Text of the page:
When a Robbery is committed to find the Thief, they Charm a Coker-nut, which is done by certain words, and any one can do it, that can but utter the Charm words. Then they thrust a stick into it, and set it either at the Door or hole the Thief went out at. Then one holds the stick with the Nut at the end of it, and the Nut pursues and follows in the Tract that the Thief went. All the way it is going they still continue Charming, and flinging the Blossoms of the Betel-nut-Tree upon it. And at last it will lead to the house or place where the Thief is, and run upon his Feet. This Nut will sometimes go winding hither and thither, and sometimes will stand still. Then they follow their Charms, strewing on Blossoms, and that sets it forward again. This is not enough to find the Thief guilty; but if they intend to prosecute the Man upon this Discovery, the Charmer must swear against him point blank: which he sometimes will do upon the Confidence of the Truth of his Charm. And the supposed Thief must either Swear or be Condemned.
Oftentimes Men of courage and metal, will get Clubs, and beat away the Charmer, and all his Company, and by this means put all to an end. If the Thief has the wit to lay his tail by the way, the Coker-nut when it comes thither will stop and run round about it, but go no further. I doubting the truth hereof, once took the stick, and held it my self, when they were upon this Business, but it moved not forward while I held it in my hand, tho they strewed their Flowers, and used their mutterings to provoke it. But afterwards when another took it, it went forward. I doubted whether they did not guide it with their hand, but they assured me it guided their hand.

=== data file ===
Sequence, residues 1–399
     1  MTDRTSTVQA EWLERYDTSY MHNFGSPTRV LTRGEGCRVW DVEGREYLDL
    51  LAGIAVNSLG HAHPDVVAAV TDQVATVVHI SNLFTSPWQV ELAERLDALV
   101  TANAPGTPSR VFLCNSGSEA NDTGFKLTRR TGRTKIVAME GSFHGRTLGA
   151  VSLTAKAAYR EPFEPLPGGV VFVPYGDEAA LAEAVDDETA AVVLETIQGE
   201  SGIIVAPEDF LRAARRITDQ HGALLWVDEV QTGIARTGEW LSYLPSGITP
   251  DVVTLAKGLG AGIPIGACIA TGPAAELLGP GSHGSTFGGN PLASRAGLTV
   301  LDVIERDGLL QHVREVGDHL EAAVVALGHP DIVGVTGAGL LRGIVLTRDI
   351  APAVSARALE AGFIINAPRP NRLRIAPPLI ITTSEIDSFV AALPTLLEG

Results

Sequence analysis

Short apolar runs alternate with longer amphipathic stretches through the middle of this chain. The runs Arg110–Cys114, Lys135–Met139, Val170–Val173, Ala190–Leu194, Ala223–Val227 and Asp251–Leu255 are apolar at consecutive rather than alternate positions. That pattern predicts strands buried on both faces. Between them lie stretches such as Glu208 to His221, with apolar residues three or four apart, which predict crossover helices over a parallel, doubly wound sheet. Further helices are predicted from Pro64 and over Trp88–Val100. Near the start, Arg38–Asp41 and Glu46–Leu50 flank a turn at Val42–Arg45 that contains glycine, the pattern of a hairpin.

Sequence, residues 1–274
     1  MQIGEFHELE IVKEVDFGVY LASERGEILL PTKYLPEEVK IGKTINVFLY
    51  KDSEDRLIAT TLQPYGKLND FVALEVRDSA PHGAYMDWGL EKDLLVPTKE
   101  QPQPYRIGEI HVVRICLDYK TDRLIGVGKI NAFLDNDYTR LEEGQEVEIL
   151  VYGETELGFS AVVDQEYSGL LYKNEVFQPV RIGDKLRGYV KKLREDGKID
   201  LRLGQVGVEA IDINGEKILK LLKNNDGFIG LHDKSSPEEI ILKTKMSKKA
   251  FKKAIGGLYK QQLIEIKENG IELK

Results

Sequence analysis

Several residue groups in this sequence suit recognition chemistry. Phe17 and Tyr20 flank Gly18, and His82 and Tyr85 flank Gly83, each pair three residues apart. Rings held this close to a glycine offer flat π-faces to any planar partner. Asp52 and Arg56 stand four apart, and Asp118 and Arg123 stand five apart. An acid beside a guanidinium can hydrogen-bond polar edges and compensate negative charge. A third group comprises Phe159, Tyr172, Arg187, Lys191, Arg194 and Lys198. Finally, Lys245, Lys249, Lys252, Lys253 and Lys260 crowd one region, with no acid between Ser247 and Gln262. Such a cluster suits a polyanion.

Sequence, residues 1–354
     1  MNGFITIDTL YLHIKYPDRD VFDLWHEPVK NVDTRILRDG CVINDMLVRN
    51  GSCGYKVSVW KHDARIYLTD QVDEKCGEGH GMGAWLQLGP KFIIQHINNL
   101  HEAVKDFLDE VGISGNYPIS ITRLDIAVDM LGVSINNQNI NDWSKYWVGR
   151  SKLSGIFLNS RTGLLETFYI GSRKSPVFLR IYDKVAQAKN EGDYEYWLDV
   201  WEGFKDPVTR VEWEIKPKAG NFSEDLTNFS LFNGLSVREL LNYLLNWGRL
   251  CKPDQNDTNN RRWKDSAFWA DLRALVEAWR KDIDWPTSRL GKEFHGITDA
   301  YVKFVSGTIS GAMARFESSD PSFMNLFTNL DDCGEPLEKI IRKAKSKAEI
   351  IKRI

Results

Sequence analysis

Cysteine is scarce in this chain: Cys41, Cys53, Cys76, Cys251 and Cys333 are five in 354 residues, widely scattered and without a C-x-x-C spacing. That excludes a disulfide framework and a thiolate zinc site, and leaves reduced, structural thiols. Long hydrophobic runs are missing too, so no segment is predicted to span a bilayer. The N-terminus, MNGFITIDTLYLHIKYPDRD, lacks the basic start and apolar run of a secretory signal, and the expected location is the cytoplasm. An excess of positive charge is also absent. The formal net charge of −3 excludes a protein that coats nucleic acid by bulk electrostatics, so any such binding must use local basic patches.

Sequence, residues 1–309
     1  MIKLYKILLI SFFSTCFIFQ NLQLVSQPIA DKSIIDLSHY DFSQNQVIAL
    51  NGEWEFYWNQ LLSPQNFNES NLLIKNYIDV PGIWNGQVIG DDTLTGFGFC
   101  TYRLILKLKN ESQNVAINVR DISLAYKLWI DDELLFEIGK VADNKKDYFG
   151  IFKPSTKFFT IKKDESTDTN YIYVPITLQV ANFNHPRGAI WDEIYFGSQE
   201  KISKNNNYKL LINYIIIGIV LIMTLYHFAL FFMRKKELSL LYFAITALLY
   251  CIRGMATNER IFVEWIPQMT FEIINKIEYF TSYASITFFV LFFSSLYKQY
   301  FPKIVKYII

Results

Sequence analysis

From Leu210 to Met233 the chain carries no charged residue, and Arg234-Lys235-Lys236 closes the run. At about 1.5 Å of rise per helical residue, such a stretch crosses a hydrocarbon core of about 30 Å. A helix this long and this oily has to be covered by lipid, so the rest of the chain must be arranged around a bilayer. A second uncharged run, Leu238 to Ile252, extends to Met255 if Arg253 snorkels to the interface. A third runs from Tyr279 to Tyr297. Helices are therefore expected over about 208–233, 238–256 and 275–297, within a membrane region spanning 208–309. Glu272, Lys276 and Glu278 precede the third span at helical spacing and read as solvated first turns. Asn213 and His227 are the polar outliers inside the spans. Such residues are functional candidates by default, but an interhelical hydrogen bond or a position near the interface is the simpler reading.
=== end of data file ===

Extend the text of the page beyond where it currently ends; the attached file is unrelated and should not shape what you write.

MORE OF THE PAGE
Here are some antient writings engraven upon Rocks which poseth all that see them. There are divers great Rocks in divers parts in Cande Uda, and in the Northern Parts. These Rocks are cut deep with great Letters for the space of some yards, so deep that they may last to the worlds end. Nobody can read them or make any thing of them. I have asked Malabars, Gentuses, as well as Chingulays and Moors, but none of them understood them. You walk over some of them. There is an antient Temple Goddiladenni in Tattanour stands by one place where there are of these Letters. They are probably in memorial of something, but of what we must leave to learned men to spend their conjectures.